An Entire 3D Surface from a Few Measured Points
- An investment banker needs to create an entire volatility surface from a handful of derivatives trades that took place today.
- A chemist needs to know the temperature near the center of a reaction chamber based on only a few temperature measurements scattered around its perimeter.
- An engineer needs to model something with a smooth function of two variables, but he doesn’t know the function and all he has are a few dozen noisy measurement points.
How do they do it? By regularizing their 3D data of course!
The first part of this article showed how we use bilinear interpolation to relate arbitrary input points to locations on an output grid. Now we will look at the fidelity equations, set up second-derivative equations for the 3D data, and find the least-squares solution. The result is a regularized surface in 3D.
For those who like to see the details, the example spreadsheet is available for download.
Implementing Bilinear Interpolation in the Spreadsheet
In the spreadsheet the bilinear interpolation looks like this. The input points on the left are listed as seven x, y, and z values. On the right are the logistics for bilinear interpolation.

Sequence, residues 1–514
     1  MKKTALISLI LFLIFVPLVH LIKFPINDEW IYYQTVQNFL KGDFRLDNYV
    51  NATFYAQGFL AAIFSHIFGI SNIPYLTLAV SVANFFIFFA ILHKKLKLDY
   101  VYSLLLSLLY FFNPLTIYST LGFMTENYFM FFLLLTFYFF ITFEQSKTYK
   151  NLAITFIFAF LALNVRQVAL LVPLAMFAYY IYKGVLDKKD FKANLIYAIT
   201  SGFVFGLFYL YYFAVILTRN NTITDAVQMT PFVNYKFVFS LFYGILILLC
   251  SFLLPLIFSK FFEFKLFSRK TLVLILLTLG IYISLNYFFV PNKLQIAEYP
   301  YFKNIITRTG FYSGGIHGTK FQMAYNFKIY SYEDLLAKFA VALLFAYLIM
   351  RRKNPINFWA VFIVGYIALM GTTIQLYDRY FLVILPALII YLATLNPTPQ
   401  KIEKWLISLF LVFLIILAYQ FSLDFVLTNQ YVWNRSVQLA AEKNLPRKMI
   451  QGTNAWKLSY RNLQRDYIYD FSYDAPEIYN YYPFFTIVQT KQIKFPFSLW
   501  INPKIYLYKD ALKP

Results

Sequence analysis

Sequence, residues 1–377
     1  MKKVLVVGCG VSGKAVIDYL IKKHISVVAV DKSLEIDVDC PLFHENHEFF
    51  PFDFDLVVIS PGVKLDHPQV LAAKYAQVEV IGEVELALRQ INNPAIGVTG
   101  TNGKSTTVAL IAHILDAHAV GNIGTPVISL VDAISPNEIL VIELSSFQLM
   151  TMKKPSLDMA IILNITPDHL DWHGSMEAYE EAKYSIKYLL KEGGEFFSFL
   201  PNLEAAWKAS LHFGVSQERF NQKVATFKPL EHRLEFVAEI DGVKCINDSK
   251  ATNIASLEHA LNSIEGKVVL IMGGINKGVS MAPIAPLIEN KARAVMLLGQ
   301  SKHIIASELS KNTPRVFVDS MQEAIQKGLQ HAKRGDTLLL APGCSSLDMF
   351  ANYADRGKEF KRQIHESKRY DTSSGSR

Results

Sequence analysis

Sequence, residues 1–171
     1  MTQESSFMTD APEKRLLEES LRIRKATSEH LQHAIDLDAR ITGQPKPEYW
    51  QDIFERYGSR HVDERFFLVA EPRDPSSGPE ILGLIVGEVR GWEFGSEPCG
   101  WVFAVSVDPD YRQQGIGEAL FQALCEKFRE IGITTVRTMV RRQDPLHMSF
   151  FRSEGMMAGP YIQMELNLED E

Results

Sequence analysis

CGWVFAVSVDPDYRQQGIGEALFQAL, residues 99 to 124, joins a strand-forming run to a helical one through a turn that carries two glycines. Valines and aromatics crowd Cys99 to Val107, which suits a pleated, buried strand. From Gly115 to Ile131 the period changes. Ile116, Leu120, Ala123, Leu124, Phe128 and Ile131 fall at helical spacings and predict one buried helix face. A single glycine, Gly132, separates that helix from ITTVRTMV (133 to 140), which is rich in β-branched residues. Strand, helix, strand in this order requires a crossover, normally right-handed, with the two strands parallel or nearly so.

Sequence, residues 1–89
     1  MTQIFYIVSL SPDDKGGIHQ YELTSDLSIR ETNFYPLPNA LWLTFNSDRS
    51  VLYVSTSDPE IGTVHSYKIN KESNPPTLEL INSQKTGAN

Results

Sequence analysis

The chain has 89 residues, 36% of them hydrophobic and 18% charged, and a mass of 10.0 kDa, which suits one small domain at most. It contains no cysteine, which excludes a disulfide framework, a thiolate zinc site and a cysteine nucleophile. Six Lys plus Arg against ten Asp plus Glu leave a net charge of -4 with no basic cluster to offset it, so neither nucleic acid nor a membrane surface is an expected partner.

In practice the input points may lie directly over or precisely between points in the output grid. When that happens, the weights in x or y (or both) take on values of 0 or 1 and there are fewer than four nonzero numbers in the equality condition. In this example rows 5 and 7 have more than 1 nonzero value. For example, Row 5 corresponds to the coordinate (2.5, 1), which is halfway between (2, 1) and (3, 1). For that reason Columns 8 and 9 share 50% of the weight for that point.
Using the sign conventions we used when we were regularizing 2D data, we call these AFidelity and bFidelity. Note that the equation is Az=b, not Ay=b like in the 2D case, because the output values are on the z axis instead of the y axis.
These interpolation numbers comprise the fidelity equations. The next step is to set up the second derivatives.
Second Derivatives – Vertical and Horizontal
The second derivatives are calculated the same way as the 2D case, except that they are calculated separately for both axes, x and y. Just by looking at the diagram you can see that the horizontal derivatives are arranged in five clusters of three derivatives. With five adjacent points in our 5×5 output grid there are only three places where you can take a discrete second derivative, so each row in the output grid has three second derivatives.
For example, Columns 1-5 are five columns, yet between those five columns there are only three second derivatives. The fourth second derivative begins in Column 6.
The vertical derivatives have similar properties, but they show up at different locations in the matrix. Columns 1-5 have only one nonzero value (the value 1). Columns 6-10 have two nonzero values (1 and -2). Columns 11-15 have three nonzero values (1, -2, and 1 again). Then Columns 16-20 go back to two nonzero values and finally Columns 21-25 have only one nonzero value in them. This represents the way the vertical derivatives reuse rows in the output grid. There are five rows but only three ways to take second derivatives between those rows.